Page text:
Scottish terriers tend to bark at everything from strangers and other dogs to leaves falling and cars driving by. While it's great to have a watchdog at times, for your neighbor's sake, train your Scottie to bark only when necessary.
Teach your Scottie the "quiet" command. When your pup starts barking, say, "quiet," and wait until he takes a break. Give him a treat after he has stopped barking. Each time you catch him barking, wait until he stops, say, "quiet," and give him a treat. Never give him the treat while he's still barking, or he will think you are rewarding him for barking. If you're concerned about giving your pup too many treats, reward him with his favorite toy each time he stops barking. Eventually, he'll notice that when you say, "quiet," and he stops barking, he gets a treat. Remove the treats and toys from the training once your pup is responding how you'd like every time.
Teach your dog to "speak." It seems crazy to teach your Scottie to speak when you're trying to get him to stop barking, but teaching your dog to bark only when you want is essential to Scotties, who bark at anything that startles or interests them. If you live in an apartment, your Scottie is probably barking at every footstep and door closing. Get your Scottie to start barking by knocking on the door or making barking sounds at him. Say, "speak," when you knock, or while you're barking at him until he starts to bark. Once he barks for a moment, say, "quiet," to make him stop. Work on "speak," and "quiet" multiple times per day and always use a firm tone of voice to let your pup know you're in charge. Eventually he will know that when you say "speak," he can starting barking, but when you say "quiet," he must stop.
Interrupt your pet's barking with an unpleasant noise. Scotties are known for barking, and they will bark at people, sounds and often out of boredom. You want to show your Scottie that when he barks, an unpleasant noise occurs. Don't let him see you making a noise. Drop a loud, unbreakable object such as marbles, pebbles or a metal chain on the floor near the dog. The sound and object will be unexpected and displeasing to him. If you continue this training daily with consistency, your pup will think the object falls and the noise occurs because of his barking. This method will cut out your pet's barking entirely, so use other methods if you want your Scottie to be a watchdog.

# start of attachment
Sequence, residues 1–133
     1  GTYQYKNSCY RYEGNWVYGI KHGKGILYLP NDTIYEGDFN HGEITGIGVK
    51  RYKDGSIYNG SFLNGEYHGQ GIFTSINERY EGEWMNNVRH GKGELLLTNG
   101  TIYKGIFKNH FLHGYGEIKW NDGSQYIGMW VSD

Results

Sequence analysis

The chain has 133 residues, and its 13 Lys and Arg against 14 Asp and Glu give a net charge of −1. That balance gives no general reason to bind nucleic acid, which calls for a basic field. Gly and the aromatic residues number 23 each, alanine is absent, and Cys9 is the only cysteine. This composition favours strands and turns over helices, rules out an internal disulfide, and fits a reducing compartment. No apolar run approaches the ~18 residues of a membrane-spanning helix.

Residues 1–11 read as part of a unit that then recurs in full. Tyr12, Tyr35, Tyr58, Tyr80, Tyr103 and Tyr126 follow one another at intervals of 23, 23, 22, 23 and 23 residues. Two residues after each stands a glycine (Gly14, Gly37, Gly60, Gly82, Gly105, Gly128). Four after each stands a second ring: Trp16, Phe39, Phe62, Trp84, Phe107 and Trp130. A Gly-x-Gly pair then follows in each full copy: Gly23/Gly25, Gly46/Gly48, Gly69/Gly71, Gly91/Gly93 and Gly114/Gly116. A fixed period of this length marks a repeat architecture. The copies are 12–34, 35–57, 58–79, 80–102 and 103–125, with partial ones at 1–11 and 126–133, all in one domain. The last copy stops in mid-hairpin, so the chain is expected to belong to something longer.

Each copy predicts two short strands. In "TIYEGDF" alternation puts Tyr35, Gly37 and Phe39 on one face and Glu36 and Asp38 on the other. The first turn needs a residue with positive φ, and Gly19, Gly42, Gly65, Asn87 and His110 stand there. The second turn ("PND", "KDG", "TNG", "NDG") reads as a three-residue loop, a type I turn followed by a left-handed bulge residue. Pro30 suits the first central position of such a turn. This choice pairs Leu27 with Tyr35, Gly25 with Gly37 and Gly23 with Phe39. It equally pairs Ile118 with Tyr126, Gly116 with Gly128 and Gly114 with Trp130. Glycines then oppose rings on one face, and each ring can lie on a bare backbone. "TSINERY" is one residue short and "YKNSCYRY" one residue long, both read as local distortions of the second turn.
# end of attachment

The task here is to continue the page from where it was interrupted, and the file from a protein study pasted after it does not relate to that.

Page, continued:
- Cover windows that allow your pup to see out of the house when you leave. Scotties tend to bark at people, cars or other dogs they see passing by.
- If your Scottie barks at you for food or to go outside, don't reward him by feeding him or taking him out immediately. Wait until he stops barking, then give him what he wanted, so he will associate the reward with his lack of barking instead.
- Bark or citronella collars may stop your dog from barking entirely. The reaction to these devices varies for every pet, and it's best to train your pet in conjunction with the use of them.
- Shouting "shut up" or other commands at your Scottie will only make him bark more, because he thinks you're joining in on the fun.
- Don't use shock collars to prevent your dog from barking. Shock collars may make your pet associate you, their owner, with pain instead of their own barking.
Courtney McCaffrey graduated from the College of Charleston in 2008 with a B.A. in media studies. She has served as an editor for Blooming Twig Books and the MADA Writing Services publishing company. She is now a writer on various outdoor sports such as snowboarding, skiing, surfing and bodysurfing.